How To Launch A Boat By Yourself [Step-By-Step]
In all my years of boat ownership, I think launching a boat, especially launching a boat by myself, has been one of the most stressful parts of boating.
We have all seen the epic fail boat launch videos on YouTube. It seems that every boating season, we get a new group of boat launch fails. Some of these even include the tow vehicle being submerged underwater.
Are you feeling the stress of launching a boat by yourself? If so, this article is for you. I want to share with you what I have learned in regards to how to go solo and launch a boat by yourself.
Important disclosure: I have a “float on / float off” or “bunk style” trailer. If you have an all-roller style boat trailer, you would need to follow a different approach to launching your boat alone. Never do this with a roller style trailer! An all-roller trailer setup has been known to have boats slide off the trailer on the ramp prior to launching in the water using the process I am going to describe here.
Okay, so let’s get to the details on how to launch a boat by yourself.
Step 1: At Home Boat Prep
They say preparation is the most important part of most tasks and this is especially true when wanting to launch a boat alone.
- Start by hooking up the garden hose to your boat motor and make sure it runs at home before getting to the ramp fully loaded only to learn the boat motor isn’t running.
- Load up all of your gear at the house. Lures, Ice, Rods, Beer, or whatever else you want for a day on the water.
- Install the boat plug BEFORE leaving the house. Some people will say to do it at the ramp to drain any water from the bilge. I prefer to do it at the house first just to make sure I don’t overlook this step at the ramp when trying to hurry and get in/out of the water quickly.
Step 2: Pre-Launch Boat Prep (Before Getting Onto the Ramp)
You have arrived at the boat launch parking lot. Find a safe spot to make final preparations prior to launching your boat.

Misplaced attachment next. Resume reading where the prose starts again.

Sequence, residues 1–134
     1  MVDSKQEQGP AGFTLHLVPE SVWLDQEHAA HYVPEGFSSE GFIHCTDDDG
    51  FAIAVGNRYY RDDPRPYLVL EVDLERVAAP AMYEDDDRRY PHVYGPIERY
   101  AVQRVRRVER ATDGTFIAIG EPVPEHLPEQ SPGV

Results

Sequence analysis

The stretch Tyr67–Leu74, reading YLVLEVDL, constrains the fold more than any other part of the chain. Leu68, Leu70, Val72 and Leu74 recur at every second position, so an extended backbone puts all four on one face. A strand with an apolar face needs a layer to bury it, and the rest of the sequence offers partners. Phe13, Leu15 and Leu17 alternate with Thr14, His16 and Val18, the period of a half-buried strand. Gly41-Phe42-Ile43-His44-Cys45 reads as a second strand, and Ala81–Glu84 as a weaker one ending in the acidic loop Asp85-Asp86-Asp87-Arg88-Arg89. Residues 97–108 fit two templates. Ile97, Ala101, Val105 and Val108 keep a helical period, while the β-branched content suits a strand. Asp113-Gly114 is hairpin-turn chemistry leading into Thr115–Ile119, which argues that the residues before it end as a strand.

This is the time to get all of your gear on the boat if you have not already. This allows you to get on the ramp, launch the boat and go.
You do not want to hold up the ramp while you carry coolers, chairs, fishing rods, and other gear down to the boat via the ramp dock. One it makes more work for you to carry everything down to the dock, and more importantly, you will irritate other boaters wanting to gain access to the boat ramp.
- Start with a Safety Check and make sure you have all required safety gear for the day (flares, life jackets, dock lines, registration, etc.)
- Double check to make sure the plug is properly installed
- Disconnect your trailer lights from the vehicle before entering the water
- Put up your VHF antenna
- Tie on your fenders (aka – bumpers)
- Turn on your battery switches
- Make sure you can easily get on and off the boat, don’t have gear everywhere
- Disconnect your safety straps, tie down straps, but leave your winch strap connected but loose. Give it a little slack but not too much. *With a bunk style trailer your boat should not move, but the winch strap gives you a margin of safety if for some reason the boat starts to slide before getting into the water.
Next, you need a dock line with loops on either end. Put one loop over the metal trailer stand where the winch is located. Attach the other loop end to your bow cleat making sure both ends are secure.